A lot of memories at Fort Monroe. My mother, Mildred Cahoon (Millie), retired from Civil Service there having worked many years in the A.G. Printing Plant building adjacent to the marina. Growing up, she was able to take my sister and me to the outdoor pool at the Chamberlin. I played many pick-up basketball games at the Y.M.C.A., played tennis and soccer at the Fort, went to the beach, toured the Casemate Museum and the Coast Artillery emplacements, watched July 4th fireworks, attended an Army National Guard function at the Officer’s Club, and attended a wedding reception at the Chamberlin. My father taught me to swim in the Chamberlin’s indoor pool. Great memories, all.
August 23-25, 2019 is the 400th anniversary of the arrival of the first enslaved Africans in North America.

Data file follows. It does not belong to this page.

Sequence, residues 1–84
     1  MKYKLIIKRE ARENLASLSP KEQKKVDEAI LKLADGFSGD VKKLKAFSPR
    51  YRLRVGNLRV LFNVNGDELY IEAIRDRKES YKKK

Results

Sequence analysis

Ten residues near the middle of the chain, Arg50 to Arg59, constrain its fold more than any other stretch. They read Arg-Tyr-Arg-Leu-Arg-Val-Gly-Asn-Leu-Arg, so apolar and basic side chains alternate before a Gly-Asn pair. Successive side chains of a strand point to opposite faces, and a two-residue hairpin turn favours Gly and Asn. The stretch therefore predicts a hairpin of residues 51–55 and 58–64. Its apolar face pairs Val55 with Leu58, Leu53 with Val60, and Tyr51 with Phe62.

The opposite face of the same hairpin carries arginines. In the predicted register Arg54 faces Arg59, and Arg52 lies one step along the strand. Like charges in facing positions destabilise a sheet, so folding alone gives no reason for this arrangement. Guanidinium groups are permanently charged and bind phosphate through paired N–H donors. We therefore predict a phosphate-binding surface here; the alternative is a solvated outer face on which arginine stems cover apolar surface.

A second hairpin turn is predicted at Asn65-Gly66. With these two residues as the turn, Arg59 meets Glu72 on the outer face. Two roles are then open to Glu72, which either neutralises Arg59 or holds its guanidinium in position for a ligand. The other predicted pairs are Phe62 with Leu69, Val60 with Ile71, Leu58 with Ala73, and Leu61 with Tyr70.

They arrived at Fort Monroe, Virginia, a place where I lived in junior high. Our house was inside the moat. I loved climbing the hill behind my house and looking at the moat. It was the only fort left in the U.S. that actually had water in its moat. I used to walk through the sally port and across the pedestrian bridge (in the photo by B.Payden Photography), unless, of course, my big brother was chasing me on our way to the school bus! Check out Payden’s Photography at:
Now, my 60-year-old memories are changed forever by this knowledge of the beginnings of European enslavement of Africans in the New World. I am deeply sorry to all those who were affected by this gruesome time in our history.
And I look forward to ongoing future commemorations honoring the many roles African men and women filled in building America—clearing the land, tilling the plantations, harvesting the crops, building the structures, developing solutions to difficult problems the new world presented, and so much more.
My hope is that their stories, along with stories of privation of the African population, will be told in American history classes across the country, so we will all have a deeper understanding of our history. And a commitment Never Again to Allow It Happen.